Skip Navigation

Link to  the National Institutes of Health  
The Science of Drug Abuse and Addiction from the National Institute on Drug Abuse Archives of the National Institute on Drug Abuse web site
Go to the Home page
   

Home > Past Science Meetings    

Placental Proteins, Drug Transport, and Fetal Development



Bethesda, Maryland
August 27 & 28, 2003

NIDA Organizer(s): Pushpa V. Thadani, Ph.D. & Rao Rapaka, Ph.D.

Meeting Purpose and Intent

Use of drugs of abuse during pregnancy is a major public health concern because of potential adverse effects on the fetus and the risk to maternal health. Since the placenta is the primary link between the mother and the conceptus and is essential for fetal growth and development, abnormalities in placental formation and function resulting from drug use and abuse could have a major influence on pregnancy outcome. Pregnancy complications such as preeclampsia, placenta previa and placental abruption seen in the general population, which are associated with adverse or poor fetal outcomes, frequently occur in women who abuse drugs during pregnancy, which represents a major public health concern. The clinical literature to date reports that infants born of mothers who used drugs, licit and illicit, have impaired somatic growth and development as well as neurobehavioral deficits. Other studies show that cocaine, marijuana, heroin and other abused drugs can cross the placental barrier. However, at present little information is available on the impact of abused drugs on placental biology alone or in combination with other 'host' factors such as poor prenatal care, stress, infection, and poor maternal nutrition, which are common co-morbid factors in drug abusing women.

Recent advances in the field of placental biology and the limited investigation of drugs of abuse related to placental development prompted the National Institute on Drug Abuse (NIDA) to assemble a group of biomedical researchers to discuss cutting-edge research with the mission of translating these findings to clinical application and to identify technologies that could facilitate research on the effects of drugs of abuse on placental function. The research areas covered in the conference included the development of the placenta, its role in immune-endocrine interactions during pregnancy, its function in the transfer of molecules (transporter systems), and the influence of infectious agents and xenobiotics on placental biology.

 

Brief Discussion of Meeting Outcome

Since the objective of this workshop was to identify gaps in our knowledge and topics for future research and how current technology could advance NIDA's mission, the discussion centered on emerging research in the drug abuse field related to placental physiology. Although existing data clearly suggest that drugs of abuse do produce alterations in placental function that can adversely affect the fetus, a number of key issues require attention. Workshop participants identified the following deficiencies in our knowledge base and made recommendations for a research agenda to address these deficiencies. Additional studies were recommended to:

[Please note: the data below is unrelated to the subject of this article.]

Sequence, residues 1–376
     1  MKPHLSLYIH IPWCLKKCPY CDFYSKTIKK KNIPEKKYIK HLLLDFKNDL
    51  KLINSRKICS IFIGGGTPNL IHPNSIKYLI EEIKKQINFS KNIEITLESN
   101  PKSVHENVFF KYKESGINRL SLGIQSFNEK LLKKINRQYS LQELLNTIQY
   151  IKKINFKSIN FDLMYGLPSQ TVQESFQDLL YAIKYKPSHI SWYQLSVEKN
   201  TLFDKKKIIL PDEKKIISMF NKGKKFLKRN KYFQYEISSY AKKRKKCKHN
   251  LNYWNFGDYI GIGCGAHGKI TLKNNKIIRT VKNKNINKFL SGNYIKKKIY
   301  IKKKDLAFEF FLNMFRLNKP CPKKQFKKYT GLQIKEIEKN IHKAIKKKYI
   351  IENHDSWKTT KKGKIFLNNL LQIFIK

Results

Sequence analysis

1. Gain information as to how 'host' factors including genetic variation, recreational drug use, infection and malnutrition influence the placental barrier and its function;
  2. Determine how the embryo/fetus is protected in different compartments;
  3. Characterize the cellular and molecular processes involved in the transport of drugs and other molecules by various transport systems;
  4. Study interactions of the endocrine and immune systems, both from a maternal and fetal perspective, as well as related to placental development and the impact of drugs of abuse;
  5. Elucidate the effects of drugs of abuse on growth and angiogenic factors using animal and model cell systems;
  6. Develop new technology to examine drug distribution and pharmacokinetics in vivo in small animals;
  7. Identify biomarkers in biological fluids (serum, urine, saliva) and placental tissue that can be used to assess drug exposure in pregnant women using newer tools of genomics and proteomics.

It was believed that ultimately, studies addressing these needs would generate information that would advance our understanding as to how the development of the placenta is affected by drugs of abuse alone or in combination with other host factors, and how these effects relate to the growth and development of the fetus and postnatal health.

 

Expected Follow-up

Publicize the report and encourage researchers to submit proposals.

 

Brief Description of Resulting Publications

The conference report was published in Am. J. Obstet. Gynecol. in 2004, volume 191(6): 1858-1862. "National Institute on Drug Abuse Conference Report on Placental Proteins, Drug Transport, and Fetal Development" Pushpa V. Thadani, Jerome F. Strauss, Sudhansu K. Dey, et al.

 

Agenda

August 27, 2003

8:30 a.m. Pushpa Thadani, Ph.D. (Chair)
Rao Rapaka, Ph.D. (Co-Chair)

Welcome and Introduction
8:40 a.m. Nora Volkow, M.D.
Director, National Institute on Drug Abuse
9:00 a.m. Jerome Strauss, M.D., Ph.D.
Overview
9:30 a.m. James Cross, D.V.M, Ph.D.
Molecular Mechanisms Underlying the Development of the Placenta
10:15 a.m. Daniel Linzer, Ph.D.
Placental Hormones and The Control of Hematopoiesis
11:00 - 11:30 a.m. Break
11:30 a.m. Kenneth Audus, Ph.D.
Placental Drug Metabolism and Adaptation to Drug Exposure in Pregnancy
12:15 p.m. Jashvant Unadkat, Ph.D.
Maternal & Placental P-Glycoprotein Expression, Activity & Regulation During Pregnancy